Complications of cardiac ablation: ED presentations, evaluation, and management
- Jun 3rd, 2020
- Caroline Arnold
Authors: Caroline Arnold, MD (Emergency Medicine Resident, University of Kentucky) and Joel Hamm, MD, MPH (Assistant Professor, University of Kentucky) // Reviewed by: Tim Montrief, MD (@EMinMiami), Alex Koyfman, MD (@EMHighAK) and Brit Long, MD (@long_brit)
A 28-year-old male arrives to your emergency department complaining of burning chest pain. He is tearful and states this started suddenly and he hasn’t experienced pain like this before. He says the pain is worse when he swallows and is constant. He recently had cardiac ablation for atrial fibrillation in the past month, but otherwise has no other medical history. He appears uncomfortable and distressed. He is tachycardia with a heart rate of 110, hypotensive with a blood pressure of 90/70 mm Hg, and febrile to 101° F. The resident gives him bolus of lactated ringers and orders labs. Suddenly, the patient has a two minute generalized tonic clonic seizure.
What are the common complications of cardiac ablation? Could this patient’s chest pain and seizure both be related to the recent ablation procedure? What are the next steps in management?
Cardiac ablation has been a common procedure for complicated arrhythmia since the 1990s. For tachyarrhythmias such as supra ventricular tachycardias (SVT), atrial fibrillation, atrial flutter, and Wolff-Parkinson-White, ablation is often the next line treatment after failed medical management.1 During ablation, multiple catheters are passed through a vein or artery into the heart. The catheters include a mapping catheter to identify abnormal electrical activity and an ablation catheter to heat the abnormal pathway via radio frequency energy. The heated tissue, most often near the pulmonary veins, is then scarred in order to prevent the transmission of abnormal signals.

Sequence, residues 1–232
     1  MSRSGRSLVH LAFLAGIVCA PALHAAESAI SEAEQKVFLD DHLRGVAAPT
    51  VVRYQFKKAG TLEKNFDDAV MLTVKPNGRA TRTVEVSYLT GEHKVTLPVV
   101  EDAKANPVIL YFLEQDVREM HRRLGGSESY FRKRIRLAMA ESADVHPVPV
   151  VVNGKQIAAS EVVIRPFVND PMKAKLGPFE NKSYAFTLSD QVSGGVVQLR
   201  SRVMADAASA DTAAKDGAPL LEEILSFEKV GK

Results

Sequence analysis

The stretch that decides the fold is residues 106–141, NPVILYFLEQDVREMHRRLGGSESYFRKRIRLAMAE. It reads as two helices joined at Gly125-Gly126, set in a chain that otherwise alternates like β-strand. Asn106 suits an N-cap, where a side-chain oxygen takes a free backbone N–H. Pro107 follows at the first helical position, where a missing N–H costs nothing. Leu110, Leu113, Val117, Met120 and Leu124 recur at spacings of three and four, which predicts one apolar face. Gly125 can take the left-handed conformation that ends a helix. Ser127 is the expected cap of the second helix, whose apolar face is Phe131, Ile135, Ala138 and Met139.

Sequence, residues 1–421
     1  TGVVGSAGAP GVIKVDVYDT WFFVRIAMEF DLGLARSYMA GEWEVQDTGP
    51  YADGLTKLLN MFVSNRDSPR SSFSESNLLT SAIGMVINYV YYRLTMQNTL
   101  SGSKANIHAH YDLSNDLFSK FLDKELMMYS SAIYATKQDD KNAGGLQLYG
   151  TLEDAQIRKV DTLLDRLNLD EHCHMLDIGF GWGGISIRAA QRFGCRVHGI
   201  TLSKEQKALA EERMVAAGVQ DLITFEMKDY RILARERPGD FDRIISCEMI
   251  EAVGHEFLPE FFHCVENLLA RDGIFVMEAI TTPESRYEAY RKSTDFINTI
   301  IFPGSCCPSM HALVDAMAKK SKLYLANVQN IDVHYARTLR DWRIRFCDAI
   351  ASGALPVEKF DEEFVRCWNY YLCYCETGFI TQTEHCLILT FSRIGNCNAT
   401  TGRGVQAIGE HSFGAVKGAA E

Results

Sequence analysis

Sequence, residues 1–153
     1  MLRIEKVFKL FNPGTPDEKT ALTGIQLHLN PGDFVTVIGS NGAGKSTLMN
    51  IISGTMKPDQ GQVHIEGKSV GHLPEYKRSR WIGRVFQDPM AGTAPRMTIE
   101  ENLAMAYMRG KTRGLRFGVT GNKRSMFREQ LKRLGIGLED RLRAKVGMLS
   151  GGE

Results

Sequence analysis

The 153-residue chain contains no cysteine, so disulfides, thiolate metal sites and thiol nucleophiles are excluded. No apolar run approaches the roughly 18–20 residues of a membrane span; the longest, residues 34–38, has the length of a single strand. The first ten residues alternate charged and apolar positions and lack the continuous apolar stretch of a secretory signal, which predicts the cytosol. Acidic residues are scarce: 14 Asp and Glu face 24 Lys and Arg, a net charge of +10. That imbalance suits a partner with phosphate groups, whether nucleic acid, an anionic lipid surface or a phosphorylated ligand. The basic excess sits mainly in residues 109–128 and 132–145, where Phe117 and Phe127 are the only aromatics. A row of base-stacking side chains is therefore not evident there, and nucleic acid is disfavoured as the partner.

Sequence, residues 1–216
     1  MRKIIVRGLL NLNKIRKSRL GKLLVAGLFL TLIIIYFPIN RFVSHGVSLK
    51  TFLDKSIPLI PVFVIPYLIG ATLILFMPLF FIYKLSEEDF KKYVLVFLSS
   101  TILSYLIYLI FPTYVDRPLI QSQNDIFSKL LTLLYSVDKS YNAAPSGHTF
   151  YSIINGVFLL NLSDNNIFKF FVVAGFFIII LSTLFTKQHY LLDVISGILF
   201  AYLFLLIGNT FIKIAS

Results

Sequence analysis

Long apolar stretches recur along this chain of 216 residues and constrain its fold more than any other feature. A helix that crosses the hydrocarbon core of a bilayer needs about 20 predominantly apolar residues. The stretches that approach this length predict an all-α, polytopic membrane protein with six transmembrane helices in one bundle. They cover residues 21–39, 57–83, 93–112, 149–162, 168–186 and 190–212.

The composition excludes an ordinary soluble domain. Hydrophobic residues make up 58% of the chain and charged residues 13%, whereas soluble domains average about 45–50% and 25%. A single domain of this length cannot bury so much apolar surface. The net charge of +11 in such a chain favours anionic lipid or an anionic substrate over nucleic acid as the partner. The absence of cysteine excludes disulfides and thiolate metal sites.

Ablation procedures have increased 138% over the past ten years (from 1,953 in 2006 to 4,648 in 2015) with the majority being for atrial fibrillation.2 Out of 16,309 patients, 12,535 have resolution of symptoms after ablation.3 The overall complication rate of cardiac ablation has been shown to be 6.29%.4 Most common complications of procedure were cardiac (2.65%), vascular (1.33%), and neurological (1.05%) as shown in Table 1.5 According one study, cardiac tamponade was the most common complication with a rate of 1.31%.3 The independent risk factors for complications included older age, complex procedures, female sex, and lower hospital volumes.6 Complication rates increased from 2.79% in the 18-44 year old age group to 6.58% in the > 75 year age group.7 Ablation for ventricular tachycardia had the highest complication rate at 9.9%, possibly due to majority of cases being nonelective (62%.)7The patient population with ventricular tachycardias also had the highest rate of comorbidities.7 White males were the highest population undergoing catheter ablation, however SVT ablation was highest in women.8
Table 1. Complications of cardiac ablation by system
Let’s focus on complications that we can’t miss in the Emergency Department…
Atrio-esophageal fistula (AEF) is a rare, yet deadly complication of cardiac ablation. In a study of 191,215 performed ablations, an esophageal perforation or fistula was reported in 31 patients.9 The average time to presentation is 19 days however can present up to 60 days later.9,10,45 One study showed an overall 1% risk where a total of four patients developed atrio-esophageal fistula.9 Three of the four had air emboli and neurologic deficits and were treated with esophageal resection. The other died from massive air emobolism.11 Among the possible complications following an ablation, atrio-esophageal fistula has the second highest mortality rate after tamponade.5
As the esophagus descends into the mediastinum, it runs posteriorly to the left atrium and pulmonary veins. At some points, the esophagus is within millimeters of these structures leading to potential thermal damage.12